Phosphorous Use Efficiency of Safflower and Sunflower Grown in Different Soils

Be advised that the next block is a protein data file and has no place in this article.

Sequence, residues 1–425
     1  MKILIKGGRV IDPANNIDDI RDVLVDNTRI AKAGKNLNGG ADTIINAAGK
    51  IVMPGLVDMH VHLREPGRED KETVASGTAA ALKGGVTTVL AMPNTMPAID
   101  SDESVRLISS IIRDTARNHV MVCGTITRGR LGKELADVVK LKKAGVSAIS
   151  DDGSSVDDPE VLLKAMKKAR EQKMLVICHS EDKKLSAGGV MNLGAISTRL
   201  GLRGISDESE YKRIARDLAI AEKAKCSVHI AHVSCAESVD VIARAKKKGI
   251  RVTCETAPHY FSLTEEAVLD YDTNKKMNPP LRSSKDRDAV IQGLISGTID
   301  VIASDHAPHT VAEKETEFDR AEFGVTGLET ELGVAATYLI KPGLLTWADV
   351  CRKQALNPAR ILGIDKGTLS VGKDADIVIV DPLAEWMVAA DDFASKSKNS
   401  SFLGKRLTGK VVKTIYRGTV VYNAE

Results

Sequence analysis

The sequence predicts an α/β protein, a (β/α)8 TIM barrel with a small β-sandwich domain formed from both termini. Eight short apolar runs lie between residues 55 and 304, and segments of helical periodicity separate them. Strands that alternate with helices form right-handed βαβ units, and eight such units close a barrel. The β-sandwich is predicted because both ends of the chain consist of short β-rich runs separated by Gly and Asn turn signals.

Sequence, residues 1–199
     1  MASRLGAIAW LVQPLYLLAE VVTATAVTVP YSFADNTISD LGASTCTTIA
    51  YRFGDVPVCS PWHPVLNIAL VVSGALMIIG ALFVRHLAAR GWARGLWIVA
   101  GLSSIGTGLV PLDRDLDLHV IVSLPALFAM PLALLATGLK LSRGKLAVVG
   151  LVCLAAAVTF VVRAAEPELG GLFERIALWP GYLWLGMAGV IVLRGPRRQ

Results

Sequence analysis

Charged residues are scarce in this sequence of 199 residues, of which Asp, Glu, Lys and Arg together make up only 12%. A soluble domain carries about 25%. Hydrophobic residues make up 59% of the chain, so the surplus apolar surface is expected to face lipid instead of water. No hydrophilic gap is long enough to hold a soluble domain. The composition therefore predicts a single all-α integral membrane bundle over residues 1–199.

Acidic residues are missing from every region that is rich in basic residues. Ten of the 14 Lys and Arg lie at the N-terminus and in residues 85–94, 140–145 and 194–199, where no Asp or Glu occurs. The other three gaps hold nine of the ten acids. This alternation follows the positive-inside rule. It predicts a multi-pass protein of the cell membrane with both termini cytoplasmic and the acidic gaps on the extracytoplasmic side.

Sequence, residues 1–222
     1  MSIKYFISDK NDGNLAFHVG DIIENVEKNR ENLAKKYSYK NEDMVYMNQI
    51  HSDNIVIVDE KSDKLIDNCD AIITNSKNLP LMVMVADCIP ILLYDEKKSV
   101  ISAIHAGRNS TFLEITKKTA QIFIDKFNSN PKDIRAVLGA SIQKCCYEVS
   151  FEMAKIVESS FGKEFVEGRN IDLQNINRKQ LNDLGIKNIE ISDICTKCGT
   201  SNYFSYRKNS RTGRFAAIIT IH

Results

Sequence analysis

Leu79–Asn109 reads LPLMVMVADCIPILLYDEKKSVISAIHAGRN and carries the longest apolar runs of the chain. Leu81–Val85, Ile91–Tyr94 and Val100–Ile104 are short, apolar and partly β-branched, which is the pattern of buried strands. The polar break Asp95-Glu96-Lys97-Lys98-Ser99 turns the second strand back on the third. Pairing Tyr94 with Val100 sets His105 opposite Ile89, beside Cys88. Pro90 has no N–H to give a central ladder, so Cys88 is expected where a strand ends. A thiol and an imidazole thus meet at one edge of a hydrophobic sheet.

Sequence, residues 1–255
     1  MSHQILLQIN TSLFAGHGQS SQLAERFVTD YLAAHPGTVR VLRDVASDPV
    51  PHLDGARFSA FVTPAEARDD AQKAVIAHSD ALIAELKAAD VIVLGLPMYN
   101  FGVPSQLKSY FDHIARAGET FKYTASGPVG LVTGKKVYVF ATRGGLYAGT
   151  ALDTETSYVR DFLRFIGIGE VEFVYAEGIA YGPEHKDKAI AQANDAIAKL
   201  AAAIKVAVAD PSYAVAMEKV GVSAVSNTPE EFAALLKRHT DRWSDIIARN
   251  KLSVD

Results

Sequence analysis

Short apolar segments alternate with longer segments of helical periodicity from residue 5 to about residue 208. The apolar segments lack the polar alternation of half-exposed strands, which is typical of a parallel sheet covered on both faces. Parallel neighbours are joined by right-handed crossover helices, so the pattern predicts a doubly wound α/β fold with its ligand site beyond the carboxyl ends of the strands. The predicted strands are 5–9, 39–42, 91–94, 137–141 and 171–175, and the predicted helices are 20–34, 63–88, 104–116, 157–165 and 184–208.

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The use of nutrient efficient alternative crops is a possible strategy of sustainable land use. Plant species vary in their phosphorous (P) use efficiency under suboptimal P supplies in different soils by using different strategies. Cultivating P efficient species to improve yields may be possible if P efficiency mechanisms are elucidated. Therefore P use efficiency of the alternative oil crops safflower and sunflower was studied under semi-controlled conditions in sandy and loamy soils using three P supplies. Both species responded strongly to increasing P supplies in both soils and performed better in loamy soil. In both soils, both species contained similar P concentrations in shoots at low P supplies, but safflower accumulated less P amounts in shoots than sunflower at all P levels. Sunflower had less external P requirements than safflower in both soils. Safflower had higher efficiency ratio than sunflower at low P supply in sandy soil, and less values in loamy soils. Safflower had lower utilization index than sunflower in both soils at all P levels. Safflower recovered less external P (added P, extractable-P, soil solution-P) than sunflower in both soils. The P use efficiency of crops is based on different competitive components. Neither safflower nor sunflower showed a combination of high values of all P use efficiency components in both soils at all P levels, but safflower was inferior to sunflower in most studied traits. Therefore safflower cannot be considered a low input species as compared to sunflower in terms of P uptake and utilization efficiency.